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A cycle through time: Groups organize bike tour of historic Bemidji sites

A bike from about the 1950s was displayed at the Great Northern Depot before the history bike tour of Bemidji. The depot was the first stop on the tour. It was originally built in 1898 but Bemidji kept growing and so when James J. Hill, Great Northern Railroad mogul, visited Bemidji in 1912, he decided to commission a new depot, which was dedicated in 1913. (Jillian Gandsey | Bemidji Pioneer)1 / 8
Sue Bruns, center, talks about the Old Mississippi Bridge, which was built in 1916 to connect the city of Bemidji with the village of Nymore. It is a barrel vault bridge made of reinforced concrete. The bridge was added to the National Registry of Historic Places in 1989. (Jillian Gandsey | Bemidji Pioneer)2 / 8
Sue Bruns shows where the M&I Railroad, which went from Minneapolis to International Falls, ran through Bemidji. (Jillian Gandsey | Bemidji Pioneer)3 / 8
The beach house at South Shore Park was originally proposed by William Aldrich, local director of the National Youth Administration, in 1940. It was used for recreation for about 15 years until the mid-1950s, when NuPly used it for office space. The area was recently reclaimed and cleaned of industrial waste and the South Shore Park opened in June 2017. (Jillian Gandsey | Bemidji Pioneer)4 / 8
The remnants of Crookston Mill 1 are also still on the South Shore. The mill was built in 1903 and Crookston Lumber purchased the Bemidji Lumber Co.’s mill in 1907. Mill 2 was destroyed by fire in March 1914, but was rebuilt. Mill 1 was then damaged by fire in 1917 in a suspected case of arson. Seven years later, in 1924, a total of 24 million board feet of select white pine was destroyed in a second fire at the mill and it was not rebuilt. (Jillian Gandsey | Bemidji Pioneer)5 / 8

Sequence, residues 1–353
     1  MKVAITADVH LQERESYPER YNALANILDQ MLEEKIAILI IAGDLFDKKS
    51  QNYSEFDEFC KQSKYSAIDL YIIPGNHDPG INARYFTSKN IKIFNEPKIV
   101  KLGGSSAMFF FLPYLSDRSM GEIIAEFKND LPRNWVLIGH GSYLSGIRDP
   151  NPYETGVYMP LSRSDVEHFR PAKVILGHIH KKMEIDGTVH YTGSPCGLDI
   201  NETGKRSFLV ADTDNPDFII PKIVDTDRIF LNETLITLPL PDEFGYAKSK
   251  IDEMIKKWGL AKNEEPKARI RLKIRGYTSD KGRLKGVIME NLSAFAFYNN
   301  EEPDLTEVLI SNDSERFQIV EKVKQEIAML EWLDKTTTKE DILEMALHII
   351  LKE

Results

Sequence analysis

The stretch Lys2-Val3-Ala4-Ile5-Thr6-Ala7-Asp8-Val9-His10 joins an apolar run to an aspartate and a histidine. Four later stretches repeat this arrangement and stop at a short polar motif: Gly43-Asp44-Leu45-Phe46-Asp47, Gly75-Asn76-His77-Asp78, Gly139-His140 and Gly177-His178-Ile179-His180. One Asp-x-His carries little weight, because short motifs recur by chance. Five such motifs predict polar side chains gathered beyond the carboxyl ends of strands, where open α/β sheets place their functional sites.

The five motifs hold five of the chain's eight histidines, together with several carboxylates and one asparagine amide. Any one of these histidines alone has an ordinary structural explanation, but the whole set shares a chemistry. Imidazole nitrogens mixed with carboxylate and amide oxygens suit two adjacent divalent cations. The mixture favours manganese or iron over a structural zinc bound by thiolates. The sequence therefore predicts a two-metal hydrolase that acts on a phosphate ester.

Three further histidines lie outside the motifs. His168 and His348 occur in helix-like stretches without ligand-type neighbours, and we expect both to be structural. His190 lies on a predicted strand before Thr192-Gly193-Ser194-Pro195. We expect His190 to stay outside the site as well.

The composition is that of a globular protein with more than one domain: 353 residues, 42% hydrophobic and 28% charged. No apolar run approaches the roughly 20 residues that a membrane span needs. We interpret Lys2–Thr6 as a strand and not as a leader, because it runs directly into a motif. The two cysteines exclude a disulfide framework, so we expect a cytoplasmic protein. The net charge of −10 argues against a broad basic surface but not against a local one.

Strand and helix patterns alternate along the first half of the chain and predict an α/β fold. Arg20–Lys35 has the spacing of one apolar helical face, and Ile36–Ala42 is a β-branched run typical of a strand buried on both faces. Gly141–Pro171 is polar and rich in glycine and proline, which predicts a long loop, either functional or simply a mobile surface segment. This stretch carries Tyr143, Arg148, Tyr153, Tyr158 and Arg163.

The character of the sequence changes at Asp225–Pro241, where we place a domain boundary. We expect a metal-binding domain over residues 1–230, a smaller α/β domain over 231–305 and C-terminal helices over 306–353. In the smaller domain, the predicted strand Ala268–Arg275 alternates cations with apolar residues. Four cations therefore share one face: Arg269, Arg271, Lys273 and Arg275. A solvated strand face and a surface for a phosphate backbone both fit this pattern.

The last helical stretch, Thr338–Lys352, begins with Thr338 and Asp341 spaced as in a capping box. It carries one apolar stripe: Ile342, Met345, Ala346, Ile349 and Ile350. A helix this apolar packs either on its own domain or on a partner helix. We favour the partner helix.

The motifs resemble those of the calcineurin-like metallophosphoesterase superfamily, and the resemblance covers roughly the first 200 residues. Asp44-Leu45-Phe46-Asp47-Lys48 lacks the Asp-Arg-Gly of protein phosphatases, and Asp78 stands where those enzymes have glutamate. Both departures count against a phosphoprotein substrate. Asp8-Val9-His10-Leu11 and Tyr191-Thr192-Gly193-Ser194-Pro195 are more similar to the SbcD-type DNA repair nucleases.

The Paul Bunyan and Babe the Blue Ox statues were built for the 1937 Winter Carnival in Bemidji. The Paul Bunyan statue is 18 feet tall, about three times the size of Earl Bucken, Bemidji’s mayor at the time, and weighs 2.5 tons. Babe was originally a traveling exhibit, but became a permanent structure in Bemidji in 1939. He was given a major facelift in 2007. (Jillian Gandsey | Bemidji Pioneer)6 / 8
The Shaynowishkung bronze statue was made by Gareth Curtiss of Olympia, Wash., and was based on an original photograph of Shaynowishkung. The statue went up in 2015. Shaynowishkung is also known as “Chief Bemidji” although he was never a chief. He befriended the Carson brothers, George Earl and Merian Ellsworth, when they came to the area to establish a trading post on the east bank of the Mississippi River in 1888. .(Jillian Gandsey | Bemidji Pioneer)7 / 8
The final stop was the Beltrami County Courthouse, built in 1902 and ready for occupancy in 1903. Small open spaces near the top of the dome were used during the Cold War by members of the Ground Observation Corps. An addition was built onto the courthouse in 1994. (Jillian Gandsey | Bemidji Pioneer)8 / 8

BEMIDJI—The Bemidji Parks and Recreation Department and the Beltrami County Historical Society teamed up on Bemidji's 122nd birthday on May 20 for a bike tour of Bemidji's history.

The ride was the first of its kind and started out at the Great Northern Depot, home of the Beltrami County History Center, and ended at the Beltrami County Courthouse. About 10 cyclists went along for stops that included the Old Mississippi Bridge, the South Shore of Lake Bemidji, the Paul Bunyan and Babe the Blue Ox Statues, the Shaynowishkung (Chief Bemidji) statue and the Carnegie Library.

Jillian Gandsey

Jillian Gandsey is the Multimedia Editor at the Bemidji Pioneer. She is an Iron Range native and a 2013 graduate of Bemidji State University. Follow Jillian on Twitter and Instagram @jilliangandsey. Contact her at 218-333-9786, 218-996-1216 or at 

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